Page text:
Lined with hay and held together by a net of rough string, the "Iceman's" leather shoes look bulky, itchy and downright uncomfortable. But if they were...
ZLIN, Czech Republic — Lined with hay and held together by a net of rough string, the “Iceman’s” leather shoes look bulky, itchy and downright uncomfortable.
But if they were good enough for Oetzi, the 5,300-year-old man found in an alpine glacier in 1991, they’re good enough for the modern foot, insists Petr Hlavacek, a Czech shoe expert who has created replicas, taken them out for a walk and pronounced them far better than most modern footwear.
“These shoes are very comfortable. They are perfectly able to protect your feet against hard terrain, against hot temperatures, against cold temperatures,” he said, showing off the replicas in his office at Tomas Bata University in this eastern Czech town.
Despite their flimsy leather soles, the shoes offer a good grip and superb shock absorption, and are blister-free, Hlavacek said.
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It’s like going barefoot, “only better,” he said. “In the Oetzi shoes, you feel something like freedom, flexibility.”
After studying the original shoes at the museum in Mainz, Germany, where they are stored, Hlavacek set out with his colleagues to duplicate them.
Vaclav Gresak, a university lecturer and saddler who describes himself as the “hands” and Hlavacek as the “brain,” described the challenge.
First there was the string for the net that kept the hay in place — they had to figure out what it was made of. Ready-made string was out of the question. Eventually, Gresak happened upon an old man who remembered how to make it from thin strips of inner bark.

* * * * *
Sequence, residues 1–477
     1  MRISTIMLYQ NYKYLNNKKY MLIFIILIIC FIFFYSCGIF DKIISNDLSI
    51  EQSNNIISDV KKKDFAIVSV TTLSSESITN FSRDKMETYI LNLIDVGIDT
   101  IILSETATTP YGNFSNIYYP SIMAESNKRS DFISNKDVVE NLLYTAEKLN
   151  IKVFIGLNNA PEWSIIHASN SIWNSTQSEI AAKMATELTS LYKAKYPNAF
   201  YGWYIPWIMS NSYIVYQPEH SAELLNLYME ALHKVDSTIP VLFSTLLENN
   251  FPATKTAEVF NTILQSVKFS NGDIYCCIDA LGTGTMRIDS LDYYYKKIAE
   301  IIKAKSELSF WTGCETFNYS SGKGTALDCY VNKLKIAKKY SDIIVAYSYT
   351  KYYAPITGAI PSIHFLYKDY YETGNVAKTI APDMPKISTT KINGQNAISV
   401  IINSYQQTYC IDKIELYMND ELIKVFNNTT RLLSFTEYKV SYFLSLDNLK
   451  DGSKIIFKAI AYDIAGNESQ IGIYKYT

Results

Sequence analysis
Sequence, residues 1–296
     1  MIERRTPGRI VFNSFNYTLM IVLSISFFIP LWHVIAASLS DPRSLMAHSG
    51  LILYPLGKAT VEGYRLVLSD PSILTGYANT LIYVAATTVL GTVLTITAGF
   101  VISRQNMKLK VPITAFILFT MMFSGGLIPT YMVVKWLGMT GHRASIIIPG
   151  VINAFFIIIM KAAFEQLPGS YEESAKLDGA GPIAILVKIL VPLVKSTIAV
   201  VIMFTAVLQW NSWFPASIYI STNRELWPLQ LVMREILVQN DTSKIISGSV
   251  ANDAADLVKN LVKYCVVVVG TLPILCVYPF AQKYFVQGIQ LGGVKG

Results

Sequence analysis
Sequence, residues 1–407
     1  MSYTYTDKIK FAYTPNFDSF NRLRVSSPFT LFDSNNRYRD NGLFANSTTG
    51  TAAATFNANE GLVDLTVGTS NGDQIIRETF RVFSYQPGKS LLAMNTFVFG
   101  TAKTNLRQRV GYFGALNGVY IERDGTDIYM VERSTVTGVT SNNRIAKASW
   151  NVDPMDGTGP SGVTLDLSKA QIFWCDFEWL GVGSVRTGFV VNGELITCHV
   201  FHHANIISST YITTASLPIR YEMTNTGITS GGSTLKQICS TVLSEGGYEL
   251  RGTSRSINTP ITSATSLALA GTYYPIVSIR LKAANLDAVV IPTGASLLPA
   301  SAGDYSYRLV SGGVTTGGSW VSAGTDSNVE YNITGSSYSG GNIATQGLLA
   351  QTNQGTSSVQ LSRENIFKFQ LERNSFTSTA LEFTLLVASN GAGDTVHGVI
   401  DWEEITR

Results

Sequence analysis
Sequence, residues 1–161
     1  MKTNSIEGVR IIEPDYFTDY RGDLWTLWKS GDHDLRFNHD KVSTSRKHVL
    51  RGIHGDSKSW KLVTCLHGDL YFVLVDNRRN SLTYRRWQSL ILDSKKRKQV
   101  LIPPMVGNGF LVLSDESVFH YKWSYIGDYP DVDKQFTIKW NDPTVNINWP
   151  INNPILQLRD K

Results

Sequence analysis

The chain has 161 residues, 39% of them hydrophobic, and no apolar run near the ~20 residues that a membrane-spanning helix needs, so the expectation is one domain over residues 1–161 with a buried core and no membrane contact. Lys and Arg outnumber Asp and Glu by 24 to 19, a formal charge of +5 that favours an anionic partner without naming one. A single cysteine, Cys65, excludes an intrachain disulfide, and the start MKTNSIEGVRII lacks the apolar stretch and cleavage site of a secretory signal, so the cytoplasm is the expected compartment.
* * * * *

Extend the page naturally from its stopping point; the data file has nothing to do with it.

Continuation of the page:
Then they had to get the right leather. Tests had determined it came from three different animals. Calf skin, no problem. Deer skin, ditto; deer are plentiful here. Finding bear skin for the sole, however, wasn’t easy. Gresak finally got his hands on a tattered skin of a bear killed in Canada by a wealthy Czech hunter.
Then the team had to find a method to tan it that would have been available to Oetzi.
Having read an ancient American Indian recipe for tanning, he boiled chopped pig liver and added raw pig’s brain. The fatty goo was smeared onto the skin and left for three days.
“It smelled very bad and there were a lot of flies,” Gresak recalled. But it worked.
Now came one of the hardest parts — measuring Oetzi’s feet. Hlavacek received permission for 20 minutes of what he describes as “very hard work.”
A plaster model of Oetzi’s small, slender foot — the size of a modern 12-year-old boy’s — sits on a shelf in his office.
The next challenge was finding hay suitable for the lining. Hlavacek had some boy and girl scouts make their own shoes, fill them with grass and try them out.
“The children protested,” Hlavacek said. The grass was itchy and abrasive.
Eventually the researchers found a grass that was long, soft and resilient. It was perfect for Oetzi shoes.
Hlavacek and his team made three pairs of replicas, and several bigger pairs to fit the researchers. Now it was time for a field test — a two-day hike in Alpine terrain near the Italy-Austria border where Oetzi was found.
Conditions weren’t ideal: There was snow and temperatures were freezing, but Vaclav Patek, a Czech mountaineer who took part in the hike, recalled that the shoes “were a pleasant surprise.”
Because Hlavacek takes a scientific approach to shoes, he had the replicas tested for pressure absorption, temperature and other factors.
The Oetzi shoes beat modern footwear in most categories aside from being able to withstand moisture.